IF YOU WERE AN ELEPHANT

How might readers look, act, and live if they were wild African elephants?

“If you were an elephant, you’d be the biggest animal who lives on the land.” Thus begins the patterned text, with the titular phrase introducing a series of facts every few pages; all are told with a pleasant cadence and occasional rhymes or near rhymes. From the start, the text is engaging and full of whimsical imagery: After the opening text compares elephants’ ears to tent flaps and their thick hides to blankets, it says: “You’d turn the next page with your trunk, not your hand.” Readers learn about other animals of the savanna, herd behaviors, diet, mud baths, and more—along with a plethora of varied verbs and adjectives. The layout and artwork complement the text perfectly. The stylized art uses a broad but soft spectrum of colors and includes geometric patterns in the elephants’ habitat. The elephants themselves are rendered simply in solid colors and sport winsome faces and stances. A particularly clever illustration shows a baby elephant learning from its mother how to stamp warnings on the ground. The large, gray, tusked mother and her pastel, tuskless child are backgrounded by the page’s stark white; they stand high atop a crazy-quilt representation of sound waves. Good as a read-aloud and for emergent readers, it concludes in a way that leads equally gracefully to the author’s notes or bedtime. (This book was reviewed digitally.)

Worth a trumpet. (Informational picture book. 3-7)

Pub Date: June 22, 2021

ISBN: 978-1-5247-4134-1

Page Count: 32

Publisher: Putnam

Review Posted Online: April 14, 2021

Kirkus Reviews Issue: May 1, 2021

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A good choice for a late fall storytime.

SNACK, SNOOZE, SKEDADDLE

HOW ANIMALS GET READY FOR WINTER

Animal behaviors change as they prepare to face the winter.

Migrate, hibernate, or tolerate. With smooth rhymes and jaunty illustrations, Salas and Gévry introduce three strategies animals use for coping with winter cold. The author’s long experience in imparting information to young readers is evident in her selection of familiar animals and in her presentation. Spread by spread she introduces her examples, preparing in fall and surviving in winter. She describes two types of migration: Hummingbirds and monarchs fly, and blue whales travel to the warmth of the south; earthworms burrow deeper into the earth. Without using technical words, she introduces four forms of hibernation—chipmunks nap and snack; bears mainly sleep; Northern wood frogs become an “icy pop,” frozen until spring; and normally solitary garter snakes snuggle together in huge masses. Those who can tolerate the winter still change behavior. Mice store food and travel in tunnels under the snow; moose grow a warmer kind of fur; the red fox dives into the snow to catch small mammals (like those mice); and humans put on warm clothes and play. The animals in the soft pastel illustrations are recognizable, more cuddly than realistic, and quite appealing; their habitats are stylized. The humans represent varied ethnicities. Each page includes two levels of text, and there’s further information in the extensive backmatter. Pair with Joyce Sidman and Rick Allen’s Winter Bees (2014).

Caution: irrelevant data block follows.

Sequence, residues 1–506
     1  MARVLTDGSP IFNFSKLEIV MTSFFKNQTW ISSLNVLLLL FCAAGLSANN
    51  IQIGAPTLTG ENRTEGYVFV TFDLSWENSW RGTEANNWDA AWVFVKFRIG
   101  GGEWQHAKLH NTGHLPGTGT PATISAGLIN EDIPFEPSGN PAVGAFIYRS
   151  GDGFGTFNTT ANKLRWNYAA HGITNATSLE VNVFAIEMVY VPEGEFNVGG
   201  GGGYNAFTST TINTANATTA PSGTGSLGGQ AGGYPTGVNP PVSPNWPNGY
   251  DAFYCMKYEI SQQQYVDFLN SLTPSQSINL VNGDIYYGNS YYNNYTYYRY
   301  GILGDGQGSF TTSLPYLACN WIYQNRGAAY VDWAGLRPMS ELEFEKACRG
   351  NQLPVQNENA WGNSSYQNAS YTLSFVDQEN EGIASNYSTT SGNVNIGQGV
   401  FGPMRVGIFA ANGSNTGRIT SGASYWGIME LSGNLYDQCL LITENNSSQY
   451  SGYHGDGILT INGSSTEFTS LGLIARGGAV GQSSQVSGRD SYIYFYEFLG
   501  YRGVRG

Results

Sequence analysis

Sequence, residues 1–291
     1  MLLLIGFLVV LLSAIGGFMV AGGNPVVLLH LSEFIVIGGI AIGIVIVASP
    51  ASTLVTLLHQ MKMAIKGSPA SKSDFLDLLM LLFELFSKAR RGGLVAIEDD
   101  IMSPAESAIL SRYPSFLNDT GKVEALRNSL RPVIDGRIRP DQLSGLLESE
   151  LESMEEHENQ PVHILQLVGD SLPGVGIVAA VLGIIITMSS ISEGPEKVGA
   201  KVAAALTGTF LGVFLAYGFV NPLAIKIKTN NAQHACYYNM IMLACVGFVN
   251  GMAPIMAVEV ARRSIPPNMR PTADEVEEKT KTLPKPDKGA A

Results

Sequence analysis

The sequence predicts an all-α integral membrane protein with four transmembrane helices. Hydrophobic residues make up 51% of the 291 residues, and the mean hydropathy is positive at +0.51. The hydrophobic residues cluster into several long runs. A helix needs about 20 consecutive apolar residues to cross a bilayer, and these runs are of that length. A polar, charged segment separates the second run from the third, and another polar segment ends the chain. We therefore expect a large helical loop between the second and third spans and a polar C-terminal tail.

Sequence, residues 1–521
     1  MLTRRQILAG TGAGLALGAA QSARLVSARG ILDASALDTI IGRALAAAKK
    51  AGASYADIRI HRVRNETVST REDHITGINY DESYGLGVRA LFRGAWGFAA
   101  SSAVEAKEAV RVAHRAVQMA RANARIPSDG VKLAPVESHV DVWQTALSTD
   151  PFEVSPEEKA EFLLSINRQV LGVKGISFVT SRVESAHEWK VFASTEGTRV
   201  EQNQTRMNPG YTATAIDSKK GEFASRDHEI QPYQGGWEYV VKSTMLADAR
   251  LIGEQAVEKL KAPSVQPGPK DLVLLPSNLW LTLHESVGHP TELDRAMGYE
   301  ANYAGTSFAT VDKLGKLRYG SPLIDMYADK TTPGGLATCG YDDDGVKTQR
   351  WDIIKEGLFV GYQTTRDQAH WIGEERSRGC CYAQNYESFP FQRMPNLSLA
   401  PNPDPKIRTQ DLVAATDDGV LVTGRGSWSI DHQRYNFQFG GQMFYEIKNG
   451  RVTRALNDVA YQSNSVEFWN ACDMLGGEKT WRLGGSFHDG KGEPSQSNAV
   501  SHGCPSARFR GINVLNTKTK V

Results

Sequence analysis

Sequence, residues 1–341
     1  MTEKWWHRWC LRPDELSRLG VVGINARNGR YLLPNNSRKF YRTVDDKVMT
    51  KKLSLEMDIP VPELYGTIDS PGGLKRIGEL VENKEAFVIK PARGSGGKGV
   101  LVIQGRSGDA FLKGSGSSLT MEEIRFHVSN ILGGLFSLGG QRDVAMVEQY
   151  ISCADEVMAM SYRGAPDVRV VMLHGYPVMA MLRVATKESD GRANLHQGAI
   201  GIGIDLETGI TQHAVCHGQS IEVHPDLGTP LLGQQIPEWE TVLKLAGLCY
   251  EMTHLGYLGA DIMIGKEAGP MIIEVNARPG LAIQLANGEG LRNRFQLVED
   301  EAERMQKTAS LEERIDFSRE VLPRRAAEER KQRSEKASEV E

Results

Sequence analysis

A good choice for a late fall storytime. (glossary) (Informational picture book. 3-7)

Pub Date: Sept. 3, 2019

ISBN: 978-1-5415-2900-7

Page Count: 32

Publisher: Millbrook/Lerner

Review Posted Online: June 16, 2019

Kirkus Reviews Issue: July 1, 2019

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A $16.99 Mother’s Day card for cat lovers.

MOMMIES ARE AMAZING

The team of Costain and Lovšin (Daddies are Awesome, 2016) gives moms their due.

Rhyming verses tell of all the ways moms are amazing: “Mommies are magic. / They kiss away troubles… // …find gold in the sunlight / and rainbows in bubbles.” Moms are joyful—the best playmates. They are also fearless and will protect and soothe if you are scared. Clever moms know just what to do when you’re sad, sporty moms run and leap and climb, while tender moms cuddle. “My mommy’s so special. / I tell her each day… // … just how much I love her / in every way!” Whereas dads were illustrated with playful pups and grown-up dogs in the previous book, moms are shown as cats with their kittens in myriad colors, sizes, and breeds. Lovšin’s cats look as though they are smiling at each other in their fun, though several spreads are distractingly cut in half by the gutter. However delightful the presentation—the verse rolls fairly smoothly, and the cats are pretty cute—the overall effect is akin to a cream puff’s: very sweet and insubstantial.

A $16.99 Mother’s Day card for cat lovers. (Picture book. 3-6)

Pub Date: April 4, 2017

ISBN: 978-1-62779-651-4

Page Count: 32

Publisher: Henry Holt

Review Posted Online: March 20, 2017

Kirkus Reviews Issue: April 1, 2017

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